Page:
Read aloud

Alternative sweeteners fact sheet

PDF coverThis fact sheet is available in two formats.

You can download and print out the PDF version.

Or you can read it as a website page below.

People living with diabetes can include small amounts of sugar as part of a healthy eating plan. While alternative sweeteners are not necessary, some people may still choose to use these to add sweetness without adding sugar and kilojoules.

If you choose to use sweeteners, be aware that swapping sugar for a sweetener in a recipe—or buying products labelled ‘sugar-free’—does not guarantee they are a healthy choice, or that they won’t affect your blood glucose levels. Always check the nutrition information to make sure the product meets your needs or discuss this with a dietitian.

If you use sugar, remember to only use a small amount, such as a teaspoon of sugar in a cup of tea or coffee, a teaspoon of honey on porridge or a thin spread of jam on toast.

Facts about sweeteners

  • All of the sweeteners approved for sale in Australia have been tested and deemed safe for use by Food Standards Australia New Zealand (FSANZ).
  • Sweeteners can be used in food and drinks to replace sugar and can be identified in products by their name or a code number.
  • Some sweeteners, (known as modified sugars and sugar/sweetener blends), are suitable alternatives to sugar. However, these products contain kilojoules and will still impact blood glucose levels.
  • Sweeteners do not provide any nutritional value (vitamins/minerals).

Alternative sweeteners are not suitable for everyone. Sweeteners are not recommended for infants and young children. If you are pregnant or breastfeeding, discuss the use of alternative sweeteners with a dietitian or health professional.

People with diabetes who use insulin or certain blood glucose-lowering medications are at risk of hypoglycaemia (‘hypos’ or low blood glucose levels). Products containing alternative sweeteners, such as diet soft drinks, diet cordial or sugar-free lollies, should not be used to treat hypos.

People with the condition ‘phenylketonuria’ also need to avoid alternative sweeteners.

Are all sweeteners the same?

No, not all sweeteners are the same. There are three groups of alternative sweeteners, which all have different effects on blood glucose levels and weight.

You can identify the different types of sweeteners by their code number in the ingredients list on food packaging.

1. Non-nutritive sweeteners

Non-nutritive sweeteners (also known as ‘artificial’ or ‘intense’ sweeteners), include aspartame, sucralose and stevia. They do not contain carbohydrate and are low in kilojoules. ‘Diet’ or ‘low-joule’ products often use non-nutritive sweeteners instead of sugar.

If eaten in large amounts, these sweeteners can have a laxative effect and can cause bloating, wind and diarrhoea.

Non-nutritive sweetener examples:

  • Sucralose (955), for example Splenda®
  • Aspartame (951), for example Equal®, Sugarless
  • Saccharin (954), for example Sugarella®
  • Acesulfame-K or Ace-K (950), for example Hermesetas®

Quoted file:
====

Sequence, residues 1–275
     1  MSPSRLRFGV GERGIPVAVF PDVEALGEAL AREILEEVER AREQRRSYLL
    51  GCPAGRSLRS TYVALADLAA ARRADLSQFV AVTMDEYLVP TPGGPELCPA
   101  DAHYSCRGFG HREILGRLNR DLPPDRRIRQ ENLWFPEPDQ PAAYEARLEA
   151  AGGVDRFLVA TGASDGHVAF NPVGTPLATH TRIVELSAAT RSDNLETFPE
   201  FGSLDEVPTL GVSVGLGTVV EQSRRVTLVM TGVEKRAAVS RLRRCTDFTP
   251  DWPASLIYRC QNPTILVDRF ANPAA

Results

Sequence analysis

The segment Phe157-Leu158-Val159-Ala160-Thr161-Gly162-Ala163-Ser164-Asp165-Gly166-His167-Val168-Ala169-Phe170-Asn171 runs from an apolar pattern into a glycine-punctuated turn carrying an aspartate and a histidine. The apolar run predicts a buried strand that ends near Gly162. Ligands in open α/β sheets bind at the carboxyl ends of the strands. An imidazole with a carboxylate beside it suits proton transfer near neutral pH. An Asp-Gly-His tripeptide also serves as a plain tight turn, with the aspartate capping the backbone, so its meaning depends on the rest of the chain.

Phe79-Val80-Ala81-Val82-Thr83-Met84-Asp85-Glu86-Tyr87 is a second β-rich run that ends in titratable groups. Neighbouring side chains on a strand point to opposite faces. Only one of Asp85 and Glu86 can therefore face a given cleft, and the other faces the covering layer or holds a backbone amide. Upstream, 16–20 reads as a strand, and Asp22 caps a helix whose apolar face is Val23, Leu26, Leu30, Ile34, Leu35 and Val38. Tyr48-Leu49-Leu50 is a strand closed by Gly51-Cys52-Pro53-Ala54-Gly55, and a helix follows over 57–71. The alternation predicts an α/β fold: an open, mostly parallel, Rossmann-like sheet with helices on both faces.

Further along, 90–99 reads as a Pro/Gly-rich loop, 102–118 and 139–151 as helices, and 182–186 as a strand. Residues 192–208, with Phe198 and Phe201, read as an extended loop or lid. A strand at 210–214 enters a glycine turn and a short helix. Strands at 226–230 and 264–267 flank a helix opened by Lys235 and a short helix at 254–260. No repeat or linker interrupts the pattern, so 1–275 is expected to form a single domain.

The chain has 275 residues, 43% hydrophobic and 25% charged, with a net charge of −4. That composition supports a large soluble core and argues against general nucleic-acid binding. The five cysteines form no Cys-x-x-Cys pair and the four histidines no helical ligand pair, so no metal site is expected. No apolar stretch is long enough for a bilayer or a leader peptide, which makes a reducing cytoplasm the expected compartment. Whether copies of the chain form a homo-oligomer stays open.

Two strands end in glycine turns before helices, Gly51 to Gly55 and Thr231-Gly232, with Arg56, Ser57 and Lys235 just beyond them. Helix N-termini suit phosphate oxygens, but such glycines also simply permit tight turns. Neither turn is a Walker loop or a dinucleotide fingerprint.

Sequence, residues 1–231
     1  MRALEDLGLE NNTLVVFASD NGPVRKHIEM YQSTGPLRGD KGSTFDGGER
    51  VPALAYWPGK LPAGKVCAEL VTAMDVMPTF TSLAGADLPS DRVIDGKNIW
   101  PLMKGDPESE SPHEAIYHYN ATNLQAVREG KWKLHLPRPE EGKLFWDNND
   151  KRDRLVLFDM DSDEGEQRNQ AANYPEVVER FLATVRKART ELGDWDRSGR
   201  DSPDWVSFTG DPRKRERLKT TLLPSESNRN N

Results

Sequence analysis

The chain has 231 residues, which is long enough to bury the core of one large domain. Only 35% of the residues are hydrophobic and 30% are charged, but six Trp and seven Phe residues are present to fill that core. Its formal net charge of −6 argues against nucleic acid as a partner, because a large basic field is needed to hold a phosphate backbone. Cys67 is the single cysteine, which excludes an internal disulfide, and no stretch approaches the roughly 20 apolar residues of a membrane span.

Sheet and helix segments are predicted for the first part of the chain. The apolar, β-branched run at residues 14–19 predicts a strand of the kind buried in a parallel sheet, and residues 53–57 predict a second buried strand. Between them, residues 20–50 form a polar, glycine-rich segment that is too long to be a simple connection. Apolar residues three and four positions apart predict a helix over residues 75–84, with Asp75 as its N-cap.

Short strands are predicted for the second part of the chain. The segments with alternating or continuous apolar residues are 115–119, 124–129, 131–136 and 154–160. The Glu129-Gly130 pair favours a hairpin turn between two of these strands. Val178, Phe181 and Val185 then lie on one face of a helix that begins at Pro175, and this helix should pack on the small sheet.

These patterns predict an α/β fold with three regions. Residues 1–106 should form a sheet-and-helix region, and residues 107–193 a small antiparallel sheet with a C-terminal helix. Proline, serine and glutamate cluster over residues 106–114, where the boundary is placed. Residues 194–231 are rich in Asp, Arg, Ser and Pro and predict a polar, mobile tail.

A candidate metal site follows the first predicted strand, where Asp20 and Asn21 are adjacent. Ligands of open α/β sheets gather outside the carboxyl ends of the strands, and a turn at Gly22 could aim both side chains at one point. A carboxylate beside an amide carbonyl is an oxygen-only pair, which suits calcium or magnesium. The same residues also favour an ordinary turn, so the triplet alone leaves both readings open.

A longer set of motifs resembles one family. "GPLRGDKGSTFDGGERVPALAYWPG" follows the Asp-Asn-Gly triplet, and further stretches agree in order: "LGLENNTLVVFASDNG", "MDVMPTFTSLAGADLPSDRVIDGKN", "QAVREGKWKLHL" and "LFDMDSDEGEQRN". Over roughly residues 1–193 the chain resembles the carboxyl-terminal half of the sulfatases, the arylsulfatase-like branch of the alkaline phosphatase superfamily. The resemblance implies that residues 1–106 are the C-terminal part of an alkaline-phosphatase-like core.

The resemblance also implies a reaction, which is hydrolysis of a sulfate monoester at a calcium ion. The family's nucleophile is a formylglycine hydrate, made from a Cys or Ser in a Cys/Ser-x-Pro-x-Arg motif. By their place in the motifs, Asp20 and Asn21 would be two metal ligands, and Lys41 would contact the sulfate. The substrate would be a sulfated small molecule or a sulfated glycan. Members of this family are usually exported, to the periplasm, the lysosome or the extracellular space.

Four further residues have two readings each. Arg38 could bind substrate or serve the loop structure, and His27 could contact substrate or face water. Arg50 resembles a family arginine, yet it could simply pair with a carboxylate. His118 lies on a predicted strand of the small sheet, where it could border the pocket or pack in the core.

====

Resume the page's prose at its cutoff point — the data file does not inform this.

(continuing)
• Stevia or Steviol Glycoside (960), for example Natvia®

2. Nutritive sweeteners

Nutritive sweeteners contain carbohydrate and may have just as many kilojoules as regular sugar. These include sugar alcohols and alternative natural sweeteners such as agave, rice malt syrup and fructose. They can still have an effect on your blood glucose levels so, like sugar, they are best consumed in small amounts.

Nutritive sweeteners may be found in products labelled ‘carbohydrate modified’. If eaten in large amounts, these sweeteners can have a laxative effect and can cause bloating, wind and diarrhoea. Check the label of sweetened products for warnings.

Nutritive sweetener examples:

  • Sorbitol (420)
  • Mannitol (421)
  • Xylitol (965)
  • Maltitol (967)
  • Fructose (for example, Fruisana®)

3. Modified sugars and sugar/sweetener blends

These sweeteners are either a combination of sugar and an alternative sweetener or sugar that has been modified to have a lower glycemic index (GI). These products are suitable alternatives, but they contain kilojoules and will still have some effect on blood glucose levels.

Modified sugar/sweetener examples:

  • CSR LoGIcane® (a modified cane sugar with a low GI)
  • CSR Smart Sugar® (a blend of cane sugar and Stevia)
  • Whole Earth Sweetener Co. Baking Blend® (a blend of raw sugar and Stevia)

Using sweeteners

Water is the best drink, but diet soft drinks and cordials can occasionally add variety without contributing excess sugar and kilojoules.

If you are concerned about the amount of sugar needed in a recipe, try reducing the amount of sugar recommended, modify the ingredients or use an alternative sweetener as a substitute.

Some products containing alternative sweeteners may still be high in saturated fat (such as ‘sugar-free’ chocolate), so they are not always a healthy choice. They are best included in small amounts and saved for the occasional treat as part of a healthy eating plan.

For more information about alternative sweeteners, speak to a dietitian.

More information

For more information about alternative sweeteners, visit foodstandards.gov.au.

The NDSS and you

A wide range of services and support is available through the NDSS to help you manage your diabetes. This includes information on diabetes management through the NDSS Helpline and website. The products, services and education programs available can help you stay on top of your diabetes.

This information is intended as a guide only. It should not replace individual medical advice. If you have any concerns about your health, or further questions, you should contact your health professional.

Version 3 March 2020. First published June 2016.